A local soccer club offered lessons for three-year-olds. Our son was three, he seemed to like to run and kick things, so we enrolled him. He enjoyed it for the most part, so we continued with the program. Our son had just turned four, which meant he was now part of the 4-5 year-old class, which meant they had Saturday games in addition to practice.

I was excited, moved by memories of my own childhood games (never mind that I was 8 or 9 in these memories). But within the first five minutes of the first game, I knew we’d made a mistake. Why? Two things. First, the constant barrage of “encouragements” yelled out across the field by parents made me want to slip away. Since my son is like me, I knew this was going to be no fun for him. Too many adults were taking this way too seriously. While they weren’t negative, who wants to have people constantly—constantly—telling them to “Kick it! Good job! Grab it! There you go! There you go! Alright, now! Great – yes! Get it, get it, get it!!!”

No pressure, kids. Really. It’s all just fun.

Second, within the first five minutes my son discovered that the other team could, and should, steal the ball from him. This was not covered in practice and it did not align with his current values. So he decided to just walk back and forth alongside the action.

The second game he left the field halfway through. The third game, he sat down smack in the center of the soccer field and stayed there.

Why, you ask, did we have him participate in three games when I knew in the first five minutes that it was a mistake? Because I was wrapped up! Wrapped up in all the options! Organized sports provides exercise, lessons in teamwork, confidence. Didn’t you know? Plus, we had to encourage him to stick things out! (Forgetting that he hadn’t asked to participate.)

But my son unwrapped me. He reminded me, sitting out there patiently by himself in the middle of the field, what I already knew: he will do what he wants when he’s ready. He crawled when he was ready. He walked when he was ready. He sat on Santa’s lap when he was ready. He enjoys soccer practice; he will play a game when he’s ready.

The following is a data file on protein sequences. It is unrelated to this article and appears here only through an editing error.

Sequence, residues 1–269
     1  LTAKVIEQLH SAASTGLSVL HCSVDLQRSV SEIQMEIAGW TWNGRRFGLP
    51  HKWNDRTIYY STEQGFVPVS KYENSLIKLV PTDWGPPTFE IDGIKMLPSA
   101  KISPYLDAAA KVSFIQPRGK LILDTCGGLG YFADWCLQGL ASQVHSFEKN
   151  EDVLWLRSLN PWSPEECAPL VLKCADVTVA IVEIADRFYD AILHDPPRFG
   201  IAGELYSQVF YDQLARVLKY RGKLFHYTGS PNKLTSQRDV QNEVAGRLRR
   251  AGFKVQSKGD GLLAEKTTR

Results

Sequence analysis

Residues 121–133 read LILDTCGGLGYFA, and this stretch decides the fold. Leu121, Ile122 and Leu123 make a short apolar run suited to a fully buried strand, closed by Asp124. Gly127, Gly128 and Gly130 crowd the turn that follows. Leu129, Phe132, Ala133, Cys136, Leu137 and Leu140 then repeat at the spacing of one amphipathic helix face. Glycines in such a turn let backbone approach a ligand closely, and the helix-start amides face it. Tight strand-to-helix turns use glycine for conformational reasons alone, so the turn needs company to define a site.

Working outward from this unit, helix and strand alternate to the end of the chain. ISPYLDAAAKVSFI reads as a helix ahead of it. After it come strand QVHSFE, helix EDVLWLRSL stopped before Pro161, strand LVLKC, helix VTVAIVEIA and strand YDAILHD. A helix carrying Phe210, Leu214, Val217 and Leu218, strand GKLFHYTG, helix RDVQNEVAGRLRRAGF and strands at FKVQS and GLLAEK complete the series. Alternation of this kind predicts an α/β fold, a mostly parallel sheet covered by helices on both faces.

And, anyway, did you also know that, “Although there are sports programs designed for preschoolers, it’s not until about age 6 or 7 that most kids develop the appropriate physical skills or the attention span needed to listen to directions and grasp the rules of the game”? (

Just because something good is offered—whether it’s 0% interest or a second donut or a soccer game—does not mean we have to take it.


The inspiration for this post

The inspiration for this post



Stephen is a 16-year-old boy from Nairobi, Kenya. I’ve known him through letters since he was about 12, when my in-laws sponsored his education as a Christmas gift to me and my husband. Both his parents died of AIDS sometime before 2009–he is one of 1,200,000 AIDS orphans in Kenya alone.

Stephen grew up in a slum of Nairobi called Dagoretti. He still lives there when he is not at boarding school. I wanted to find out more about where Stephen is from, so Karen Bohn, a volunteer with Friends of Ngong Road, the organization through which Stephen is sponsored, emailed me a photo:


She wrote:

“Stephen lives in Kawangware, one of the villages in Dagoretti, with his 54-year-old aunt and three cousins.  It sounds as though everyone in the household is healthy, and that Stephen eats three meals a day when he is home, though not always the most balanced diet. The house is neatly arranged but it is noisy because it is near the main road. They buy and use borehole water (an open well), and use a pit latrine, which is available to all the people who live in their compound (small neighborhood within the ‘village’).

“The slum has dirt roads, which you probably saw from the photo turn into muck when it rains. There are better and worse areas of the slum, but as is typical in any slum in Sub-Saharan Africa, it is characterized by no access to water, sanitation, or electricity. That is starting to change, as I have seen more electricity each time I’ve been in Dagoretti, though it is hardly prevalent. There are many small businesses along the main roads, including food vendors, tailors, small ‘manufacturers’, used clothing stores, little convenience stores (and I mean little), etc.  In some places, you’ll detect a noticeable stench. There are animals wandering around everywhere — goats, chickens, dogs — and I can’t imagine how they keep straight whose goat or chicken is whose. In Dagoretti, there are very few vehicles, though many of the roads would accommodate a vehicle — if you could avoid the potholes. I swear some of the potholes could swallow an entire car!”

Dagoretti is where Stephen lives. But it’s not all of him. As Karen says, “His aunt says that Stephen helps out at home and does well at school, and is a hard worker.”

I’ll let him introduce himself. Here’s one of his letters, from this past spring:

Dear Jessica,

            How are you? I hope you are fine. I am very excited because you wrote a letter to me and I received it.

            I did my Kenya Certificate of Primary Education and I attained three-hundred and seventy-five from Jagiet Academy. With those marks, I went to a very good and interesting school called by the name Chinga Boys High School. [Go, Stephen!]